First Person: How The Daily Herald Provided Intense Coverage of Schools’ Gun Violence Walkouts

BY JIM FULLER, Daily Herald

Depending on how you look at it, the Daily Herald’s coverage of the March high school gun violence walkouts began either a month or a decade before the event.

The high school shooting that killed 17 people and wounded 17 more in Parkland, Fla., happened on the same day the Daily Herald had staff in the field covering the 10-year anniversary of the school shooting at Northern Illinois University. A decade had passed since school violence hit close to home for Daily Herald readers, but the danger clearly had never gone away.

Here’s a look at how the Daily Herald approached a story of this scope and emotional impact.

Start With The Right Sources

Lauren Carr was a student sitting in Cole Hall during the NIU shooting. She had 10 years of mental preparation for the day the Parkland shooting transformed her into an activist.

Screen Shot 2018-03-24 at 9.56.06 AMShe was a natural choice to provide perspective on how to direct coverage of the high school walkouts. And she was a speaker at one the larger high school walkouts in Barrington.

As it became clear there would be walkouts at dozens of schools, reporters who covered schools as part of their beats started picking the brains of administrators about what they expected to happen in their buildings and how they’d respond.

Share Many Voices

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We wrote several stories about those decisions and put our social media team on high alert to watch discussions in the comment sections and on our various Facebook pages that might hint at the hot spots or new sources of information. The social media debates, Screen Shot 2018-03-24 at 10.07.53 AMalthough heated at times, also provided a window into what readers wanted and expected in the coverage to come.

With such a hotly debated topic, balance would be key.

With that in mind, editors invited superintendents to write guest columns explaining their approaches to either let students walk or impose disciplinary actions.

And we also mined school administrators and social media for information about students who might be vocal about choosing not to participate in the walkouts, or, in one case, stage a counter-protest in support of arming teachers.

Think Visually

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Based on that source work, editors assigned a team of seven reporters and seven photographers (including one with a drone) to cover the action at 10 schools in the coverage area.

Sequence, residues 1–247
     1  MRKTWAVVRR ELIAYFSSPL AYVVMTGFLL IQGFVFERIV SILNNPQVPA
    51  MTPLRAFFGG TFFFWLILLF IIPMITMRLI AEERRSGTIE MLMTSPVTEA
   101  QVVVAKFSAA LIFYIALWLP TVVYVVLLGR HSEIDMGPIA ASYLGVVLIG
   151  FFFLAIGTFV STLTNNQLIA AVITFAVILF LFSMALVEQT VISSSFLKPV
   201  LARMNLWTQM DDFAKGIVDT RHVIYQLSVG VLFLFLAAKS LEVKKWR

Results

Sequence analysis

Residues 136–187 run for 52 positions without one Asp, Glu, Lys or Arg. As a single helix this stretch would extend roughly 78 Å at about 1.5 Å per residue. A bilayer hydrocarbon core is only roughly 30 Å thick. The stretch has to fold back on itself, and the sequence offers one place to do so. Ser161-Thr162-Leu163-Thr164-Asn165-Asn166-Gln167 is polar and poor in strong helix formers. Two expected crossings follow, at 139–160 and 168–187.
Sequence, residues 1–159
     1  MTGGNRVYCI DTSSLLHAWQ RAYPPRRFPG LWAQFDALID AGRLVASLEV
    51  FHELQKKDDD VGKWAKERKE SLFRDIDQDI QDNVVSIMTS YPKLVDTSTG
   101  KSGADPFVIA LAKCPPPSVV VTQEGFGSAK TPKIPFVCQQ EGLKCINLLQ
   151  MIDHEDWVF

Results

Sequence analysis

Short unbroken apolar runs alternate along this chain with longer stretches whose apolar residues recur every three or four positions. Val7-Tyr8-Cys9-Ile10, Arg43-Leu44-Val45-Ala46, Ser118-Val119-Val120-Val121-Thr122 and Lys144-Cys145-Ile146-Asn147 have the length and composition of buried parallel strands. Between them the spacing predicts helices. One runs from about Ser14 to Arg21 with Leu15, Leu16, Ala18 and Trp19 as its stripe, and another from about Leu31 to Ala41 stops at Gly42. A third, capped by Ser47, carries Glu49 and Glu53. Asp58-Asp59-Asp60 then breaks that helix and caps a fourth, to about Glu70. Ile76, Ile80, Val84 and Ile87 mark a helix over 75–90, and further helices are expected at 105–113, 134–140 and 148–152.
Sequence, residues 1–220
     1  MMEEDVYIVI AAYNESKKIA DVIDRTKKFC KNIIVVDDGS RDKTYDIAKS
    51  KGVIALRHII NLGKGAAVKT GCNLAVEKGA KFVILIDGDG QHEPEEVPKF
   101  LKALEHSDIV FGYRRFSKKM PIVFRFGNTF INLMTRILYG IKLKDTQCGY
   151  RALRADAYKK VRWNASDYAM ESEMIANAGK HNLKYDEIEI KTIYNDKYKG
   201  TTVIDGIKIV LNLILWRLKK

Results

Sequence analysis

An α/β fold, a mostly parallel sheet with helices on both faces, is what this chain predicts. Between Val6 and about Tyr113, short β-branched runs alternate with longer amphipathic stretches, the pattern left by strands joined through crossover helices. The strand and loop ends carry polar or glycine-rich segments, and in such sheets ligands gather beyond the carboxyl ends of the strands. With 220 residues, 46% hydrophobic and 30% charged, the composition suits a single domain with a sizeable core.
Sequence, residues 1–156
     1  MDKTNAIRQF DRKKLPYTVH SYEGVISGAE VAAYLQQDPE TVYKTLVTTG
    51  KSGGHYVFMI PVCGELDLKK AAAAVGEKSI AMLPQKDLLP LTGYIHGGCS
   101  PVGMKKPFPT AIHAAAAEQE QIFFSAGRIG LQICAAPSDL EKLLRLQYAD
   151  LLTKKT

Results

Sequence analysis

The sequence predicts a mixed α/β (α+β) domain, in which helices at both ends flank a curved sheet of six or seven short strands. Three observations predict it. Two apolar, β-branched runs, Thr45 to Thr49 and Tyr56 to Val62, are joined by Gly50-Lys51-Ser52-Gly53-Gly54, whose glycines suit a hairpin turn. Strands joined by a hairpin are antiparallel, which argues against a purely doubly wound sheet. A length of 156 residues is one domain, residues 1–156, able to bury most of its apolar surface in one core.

Screen Shot 2018-03-24 at 10.10.18 AM.pngAll of the walkouts were coordinated events. Readers didn’t need seven stories that all read pretty much the same. So the directive to the reporting teams at each school was to find an angle unique to that school’s protest to focus on.

The reporters would then feed vignette-style nuggets back to an editor, who would organize and compile the main story, drawing from the most interesting sights and sounds. The approach allowed for a constantly updating web story with new vignettes and photos throughout the day of the walkouts.

The unique, lead item for the main piece came from the discovery of a high school student in our coverage area participating in the walkouts who was a student at Sandy Hook Elementary School when a school shooter murdered 20 children there in 2012.

Use All The Tools In Your Toolkit

On social media, the photo team produced drone footage for a Facebook Live event that followed the student marchers in Barrington as they left their school and headed through the streets of downtown to a main rallying point. The aerial footage provided a Screen Shot 2018-03-24 at 10.14.42 AM.pngunique viewpoint of how large the protest was as well as the public reactions to the protesters as they marched through the community.

Luck was also a factor.

At a time when newsroom personnel and resources are at a premium, the decision to dedicate so many reporters, photographers and editors to one effort was a big decision. What if another major story broke? And what the entire rest of the paper?

The fact that the walkouts all started roughly at the same time and ended within about an hour meant the dedication of resources would be large, but it wouldn’t take up so much time that there would be no other local news for the rest of the paper.

All the groundwork laid with sources ahead of time also helped direct the efforts of the reporting teams on the ground rather than grabbing random color and quotes from students who had the most intriguing protest signs.

Why We Do This

Readers responded to the coverage with some of the best web traffic and social media engagement in all of 2018. The balance in the coverage went a long way in buffering the all-too-frequent claims of bias and fake news readers toss around in recent months. There was something for everyone.

As a bonus, if the worst happens, and a school shooting occurs in our coverage area, reporters built a whole new web of sources and trust in the local education community and within the gun control debate to help ensure another balanced effort when the pressure to get it right will be even more intense.

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  • James Fuller is a senior writer at the Daily Herald and the Adviser/Business Manager for the Courier student newspaper at the College of DuPage. He also serves on the boards of the Northern Illinois Newspaper Association and the Illinois Community College Journalism Association.

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